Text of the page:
well as a way to keep your capital unincumbered, and to avoid having
to "borrow" money.
There is a BIG difference between "renting" a car for a short term and
"leasing" a car. A lease is a long term contract with large penalties
for breaking the lease. They are generally for periods of 3 years or
more - but MANY people "roll over" the lease after 18 months or 2
years to get a new car.
Not to mention the fast tire wear when you drive a "performance" tire
close to the edge.
Most of the young guys who buy ultra low profile tires or oversize
rims buy them to "make a statement" If it became stylish to run on
narrow bicycle tires, or 95 aspect ratio tires on tiny rims, that's
what they would pay stupidly high prices for.
When you sign the contract to rent the tires a lien is registered
against your vehicle, so if you don't pay the rent you don't wake up
to find your car without rims, you wake up to an empty parking space
because your whole car has been reclaimed.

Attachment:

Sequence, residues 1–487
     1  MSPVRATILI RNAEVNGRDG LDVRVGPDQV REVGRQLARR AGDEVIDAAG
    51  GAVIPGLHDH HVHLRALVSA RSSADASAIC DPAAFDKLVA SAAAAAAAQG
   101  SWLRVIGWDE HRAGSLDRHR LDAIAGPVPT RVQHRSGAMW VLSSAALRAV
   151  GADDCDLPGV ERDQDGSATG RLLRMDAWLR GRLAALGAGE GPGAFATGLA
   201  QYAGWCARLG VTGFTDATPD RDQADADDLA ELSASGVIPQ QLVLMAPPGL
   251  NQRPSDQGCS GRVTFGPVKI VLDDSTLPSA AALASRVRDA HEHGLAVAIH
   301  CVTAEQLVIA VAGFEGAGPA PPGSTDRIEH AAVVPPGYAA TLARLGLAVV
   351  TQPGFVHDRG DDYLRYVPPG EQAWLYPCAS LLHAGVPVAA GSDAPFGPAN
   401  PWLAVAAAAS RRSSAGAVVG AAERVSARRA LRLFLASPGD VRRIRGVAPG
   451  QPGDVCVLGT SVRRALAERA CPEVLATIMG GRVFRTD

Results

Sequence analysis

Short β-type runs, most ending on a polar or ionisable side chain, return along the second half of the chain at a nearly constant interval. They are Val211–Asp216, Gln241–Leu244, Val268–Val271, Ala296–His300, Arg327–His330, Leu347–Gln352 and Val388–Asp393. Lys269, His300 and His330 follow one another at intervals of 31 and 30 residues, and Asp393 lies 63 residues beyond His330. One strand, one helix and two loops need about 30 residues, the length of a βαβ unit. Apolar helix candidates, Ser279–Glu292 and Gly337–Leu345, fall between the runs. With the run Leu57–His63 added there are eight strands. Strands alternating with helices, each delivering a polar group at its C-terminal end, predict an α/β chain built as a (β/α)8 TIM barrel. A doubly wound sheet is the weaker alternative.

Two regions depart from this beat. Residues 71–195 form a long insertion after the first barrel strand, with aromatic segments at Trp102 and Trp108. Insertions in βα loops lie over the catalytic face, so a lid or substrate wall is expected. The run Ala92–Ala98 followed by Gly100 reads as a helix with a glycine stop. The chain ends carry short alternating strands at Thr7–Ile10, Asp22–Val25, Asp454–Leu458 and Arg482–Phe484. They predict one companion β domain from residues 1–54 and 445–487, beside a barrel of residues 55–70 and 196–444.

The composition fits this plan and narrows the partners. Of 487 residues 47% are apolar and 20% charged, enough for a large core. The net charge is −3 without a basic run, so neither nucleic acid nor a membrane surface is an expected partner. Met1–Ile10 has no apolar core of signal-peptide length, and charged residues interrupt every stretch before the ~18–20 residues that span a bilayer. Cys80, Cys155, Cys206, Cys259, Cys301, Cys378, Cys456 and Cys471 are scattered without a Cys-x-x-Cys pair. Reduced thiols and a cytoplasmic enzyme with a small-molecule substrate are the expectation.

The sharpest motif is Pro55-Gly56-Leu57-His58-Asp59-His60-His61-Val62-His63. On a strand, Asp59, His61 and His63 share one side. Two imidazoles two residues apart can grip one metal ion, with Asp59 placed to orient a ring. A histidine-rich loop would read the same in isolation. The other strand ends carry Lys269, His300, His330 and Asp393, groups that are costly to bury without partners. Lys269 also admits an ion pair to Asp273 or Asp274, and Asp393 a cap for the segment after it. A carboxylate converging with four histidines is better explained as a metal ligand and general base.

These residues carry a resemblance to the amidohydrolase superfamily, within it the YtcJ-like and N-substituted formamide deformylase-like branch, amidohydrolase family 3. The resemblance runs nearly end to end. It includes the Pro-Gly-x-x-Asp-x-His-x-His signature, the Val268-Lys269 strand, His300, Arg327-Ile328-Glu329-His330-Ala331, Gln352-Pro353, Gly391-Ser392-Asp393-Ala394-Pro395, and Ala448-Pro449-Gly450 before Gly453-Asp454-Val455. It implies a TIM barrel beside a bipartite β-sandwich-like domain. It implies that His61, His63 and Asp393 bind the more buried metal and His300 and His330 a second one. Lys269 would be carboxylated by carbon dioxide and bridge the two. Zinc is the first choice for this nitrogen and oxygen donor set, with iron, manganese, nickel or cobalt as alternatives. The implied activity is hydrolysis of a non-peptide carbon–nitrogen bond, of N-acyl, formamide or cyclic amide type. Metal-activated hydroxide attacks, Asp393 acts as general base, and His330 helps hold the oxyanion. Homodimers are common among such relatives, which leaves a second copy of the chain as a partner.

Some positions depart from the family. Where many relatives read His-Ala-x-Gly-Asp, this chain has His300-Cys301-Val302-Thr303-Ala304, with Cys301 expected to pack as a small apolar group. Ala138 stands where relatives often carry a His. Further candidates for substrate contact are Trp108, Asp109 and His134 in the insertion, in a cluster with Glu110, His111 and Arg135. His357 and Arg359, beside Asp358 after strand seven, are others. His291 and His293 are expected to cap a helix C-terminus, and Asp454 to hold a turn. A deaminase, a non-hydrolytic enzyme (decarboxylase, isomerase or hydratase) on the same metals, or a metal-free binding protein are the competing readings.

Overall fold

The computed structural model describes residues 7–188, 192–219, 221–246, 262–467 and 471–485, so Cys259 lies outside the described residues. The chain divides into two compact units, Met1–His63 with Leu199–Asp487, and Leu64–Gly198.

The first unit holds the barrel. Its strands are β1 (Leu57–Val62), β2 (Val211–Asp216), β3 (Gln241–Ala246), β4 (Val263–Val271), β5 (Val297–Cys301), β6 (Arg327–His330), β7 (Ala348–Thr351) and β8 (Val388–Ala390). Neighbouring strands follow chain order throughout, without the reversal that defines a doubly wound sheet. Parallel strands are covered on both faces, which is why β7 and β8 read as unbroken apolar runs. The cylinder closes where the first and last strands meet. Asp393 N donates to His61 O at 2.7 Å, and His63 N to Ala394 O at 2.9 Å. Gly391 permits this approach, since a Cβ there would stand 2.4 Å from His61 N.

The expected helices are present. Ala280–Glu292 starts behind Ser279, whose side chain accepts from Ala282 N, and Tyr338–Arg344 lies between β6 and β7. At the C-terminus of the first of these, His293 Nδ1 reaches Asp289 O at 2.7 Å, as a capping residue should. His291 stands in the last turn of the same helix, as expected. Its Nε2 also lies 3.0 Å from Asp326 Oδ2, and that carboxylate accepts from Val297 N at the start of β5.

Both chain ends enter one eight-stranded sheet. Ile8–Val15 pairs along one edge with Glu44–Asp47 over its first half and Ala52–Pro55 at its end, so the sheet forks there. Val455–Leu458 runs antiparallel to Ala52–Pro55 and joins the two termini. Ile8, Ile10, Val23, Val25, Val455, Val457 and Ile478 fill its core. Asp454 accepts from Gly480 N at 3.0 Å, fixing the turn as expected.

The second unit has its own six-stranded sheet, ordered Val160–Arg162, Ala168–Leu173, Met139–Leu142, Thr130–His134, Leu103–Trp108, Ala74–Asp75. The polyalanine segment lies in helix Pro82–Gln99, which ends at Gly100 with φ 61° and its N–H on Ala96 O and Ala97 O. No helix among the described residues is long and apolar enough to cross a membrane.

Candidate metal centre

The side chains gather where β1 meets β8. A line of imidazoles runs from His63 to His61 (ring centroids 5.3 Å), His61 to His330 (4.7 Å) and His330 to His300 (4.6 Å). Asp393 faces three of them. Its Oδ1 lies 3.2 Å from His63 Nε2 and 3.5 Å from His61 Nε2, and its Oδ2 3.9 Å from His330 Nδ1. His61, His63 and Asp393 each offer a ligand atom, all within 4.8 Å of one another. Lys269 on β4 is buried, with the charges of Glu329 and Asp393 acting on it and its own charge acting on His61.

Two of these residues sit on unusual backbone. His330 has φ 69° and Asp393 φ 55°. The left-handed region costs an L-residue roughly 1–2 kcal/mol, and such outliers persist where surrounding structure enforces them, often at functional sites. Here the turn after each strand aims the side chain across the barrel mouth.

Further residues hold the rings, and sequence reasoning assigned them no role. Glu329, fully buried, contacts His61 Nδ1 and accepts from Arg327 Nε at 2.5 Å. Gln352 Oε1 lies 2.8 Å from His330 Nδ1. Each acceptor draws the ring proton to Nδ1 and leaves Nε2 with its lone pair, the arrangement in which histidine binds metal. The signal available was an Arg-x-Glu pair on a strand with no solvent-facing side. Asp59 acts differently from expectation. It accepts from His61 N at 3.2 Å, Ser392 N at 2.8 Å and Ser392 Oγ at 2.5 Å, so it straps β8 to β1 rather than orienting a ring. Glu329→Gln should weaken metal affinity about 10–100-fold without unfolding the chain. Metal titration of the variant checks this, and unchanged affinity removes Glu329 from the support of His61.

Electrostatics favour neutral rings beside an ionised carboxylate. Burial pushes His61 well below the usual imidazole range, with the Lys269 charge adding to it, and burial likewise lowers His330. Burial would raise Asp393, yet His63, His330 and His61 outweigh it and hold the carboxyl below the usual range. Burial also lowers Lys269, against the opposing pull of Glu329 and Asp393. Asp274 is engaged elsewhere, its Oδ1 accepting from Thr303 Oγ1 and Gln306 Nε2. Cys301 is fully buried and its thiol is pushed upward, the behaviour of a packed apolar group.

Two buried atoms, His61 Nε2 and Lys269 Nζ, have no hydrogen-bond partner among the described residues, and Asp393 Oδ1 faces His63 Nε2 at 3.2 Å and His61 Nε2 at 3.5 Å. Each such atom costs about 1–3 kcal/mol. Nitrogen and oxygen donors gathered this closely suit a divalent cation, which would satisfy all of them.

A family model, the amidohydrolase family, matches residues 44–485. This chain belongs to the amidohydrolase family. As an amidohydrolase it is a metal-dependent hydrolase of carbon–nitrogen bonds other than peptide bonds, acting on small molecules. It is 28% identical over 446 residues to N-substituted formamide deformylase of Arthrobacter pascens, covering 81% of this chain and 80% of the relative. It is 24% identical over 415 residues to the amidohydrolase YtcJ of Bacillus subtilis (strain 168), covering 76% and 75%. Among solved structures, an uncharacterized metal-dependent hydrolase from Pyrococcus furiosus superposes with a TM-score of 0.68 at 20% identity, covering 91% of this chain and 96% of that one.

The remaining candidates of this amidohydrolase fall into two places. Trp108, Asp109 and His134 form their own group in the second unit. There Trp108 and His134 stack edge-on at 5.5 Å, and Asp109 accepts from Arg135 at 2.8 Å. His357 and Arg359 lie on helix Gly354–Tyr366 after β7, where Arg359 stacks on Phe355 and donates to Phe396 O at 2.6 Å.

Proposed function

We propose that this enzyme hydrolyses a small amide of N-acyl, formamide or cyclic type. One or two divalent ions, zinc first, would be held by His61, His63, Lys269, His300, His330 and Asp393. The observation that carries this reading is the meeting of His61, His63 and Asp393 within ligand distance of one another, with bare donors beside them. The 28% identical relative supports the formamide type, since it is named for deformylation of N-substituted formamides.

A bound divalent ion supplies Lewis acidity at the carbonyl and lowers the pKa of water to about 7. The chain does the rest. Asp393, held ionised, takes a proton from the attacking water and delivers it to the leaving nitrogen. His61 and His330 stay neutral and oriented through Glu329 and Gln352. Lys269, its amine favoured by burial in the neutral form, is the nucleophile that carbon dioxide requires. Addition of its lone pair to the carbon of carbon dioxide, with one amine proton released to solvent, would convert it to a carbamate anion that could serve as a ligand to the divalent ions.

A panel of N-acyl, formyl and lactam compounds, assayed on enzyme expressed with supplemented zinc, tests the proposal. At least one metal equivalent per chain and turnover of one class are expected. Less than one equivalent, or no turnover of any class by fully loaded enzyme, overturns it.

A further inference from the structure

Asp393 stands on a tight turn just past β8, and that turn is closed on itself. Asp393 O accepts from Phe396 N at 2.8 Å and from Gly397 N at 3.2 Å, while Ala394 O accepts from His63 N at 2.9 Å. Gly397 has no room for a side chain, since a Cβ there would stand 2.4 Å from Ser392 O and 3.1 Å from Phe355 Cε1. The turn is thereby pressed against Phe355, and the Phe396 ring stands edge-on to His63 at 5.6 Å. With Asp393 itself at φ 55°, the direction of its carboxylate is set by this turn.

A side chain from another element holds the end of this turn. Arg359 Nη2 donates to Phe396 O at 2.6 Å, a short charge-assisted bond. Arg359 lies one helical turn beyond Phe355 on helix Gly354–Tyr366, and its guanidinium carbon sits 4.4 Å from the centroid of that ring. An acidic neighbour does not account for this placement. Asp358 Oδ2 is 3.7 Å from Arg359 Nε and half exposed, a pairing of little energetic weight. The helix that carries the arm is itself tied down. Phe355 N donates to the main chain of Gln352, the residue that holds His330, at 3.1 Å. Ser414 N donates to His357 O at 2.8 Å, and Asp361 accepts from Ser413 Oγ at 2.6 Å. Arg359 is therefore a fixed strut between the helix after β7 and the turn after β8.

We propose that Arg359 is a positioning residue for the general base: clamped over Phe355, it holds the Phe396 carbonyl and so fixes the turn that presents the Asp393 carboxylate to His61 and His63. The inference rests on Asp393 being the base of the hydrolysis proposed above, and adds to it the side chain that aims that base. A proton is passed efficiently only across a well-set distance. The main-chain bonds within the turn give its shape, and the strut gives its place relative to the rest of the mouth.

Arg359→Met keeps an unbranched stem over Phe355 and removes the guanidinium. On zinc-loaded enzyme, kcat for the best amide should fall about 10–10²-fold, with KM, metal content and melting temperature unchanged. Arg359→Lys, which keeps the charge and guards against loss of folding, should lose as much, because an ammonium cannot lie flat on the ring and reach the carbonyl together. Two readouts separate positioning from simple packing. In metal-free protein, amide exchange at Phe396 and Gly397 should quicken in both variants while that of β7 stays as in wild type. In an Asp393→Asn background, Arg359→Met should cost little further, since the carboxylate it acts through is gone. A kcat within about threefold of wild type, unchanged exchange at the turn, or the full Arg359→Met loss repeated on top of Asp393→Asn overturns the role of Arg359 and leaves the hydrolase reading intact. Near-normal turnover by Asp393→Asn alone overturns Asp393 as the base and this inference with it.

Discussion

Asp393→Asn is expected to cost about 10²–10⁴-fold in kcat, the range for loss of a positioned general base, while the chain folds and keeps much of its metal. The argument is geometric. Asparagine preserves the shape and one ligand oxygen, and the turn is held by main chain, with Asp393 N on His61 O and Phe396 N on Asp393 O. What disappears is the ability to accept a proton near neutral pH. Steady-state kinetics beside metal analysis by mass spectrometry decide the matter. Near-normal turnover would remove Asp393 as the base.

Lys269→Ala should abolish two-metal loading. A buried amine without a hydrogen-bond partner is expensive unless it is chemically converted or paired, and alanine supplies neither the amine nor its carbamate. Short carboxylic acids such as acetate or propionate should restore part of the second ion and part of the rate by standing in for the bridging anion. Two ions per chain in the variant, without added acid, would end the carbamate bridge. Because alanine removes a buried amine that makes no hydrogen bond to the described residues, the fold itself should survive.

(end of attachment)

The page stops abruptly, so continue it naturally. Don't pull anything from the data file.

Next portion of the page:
No, that's not true.
By law, a benefit bestowed by a company on:
a) an employee,
b) an officer of the company, or
c) someone to whom an officer of the company wanted to bestow a benefit
has to claim the value of any benefit received from that company as
income on their tax return.
So, you are correct. The value of the personal use of a company car by
an employee would be a taxable benefit.
However, no where in the Income Tax Act is there a requirement that
someone driving a company car for personal use keep a log of miles
traveled for personal use and miles traveled on business.
The CRA undoubtedly recommends people keep such a log, but that's to
make the CRA's job easier. No where does the Income Tax Act require
such a log book be kept.
I expect that without such a log, the onus would be on the taxpayer to
refute the CRA's estimate of the value of the benefit received by the
employee. Still given the small liklihood that a person will be
audited, few people keep such a log.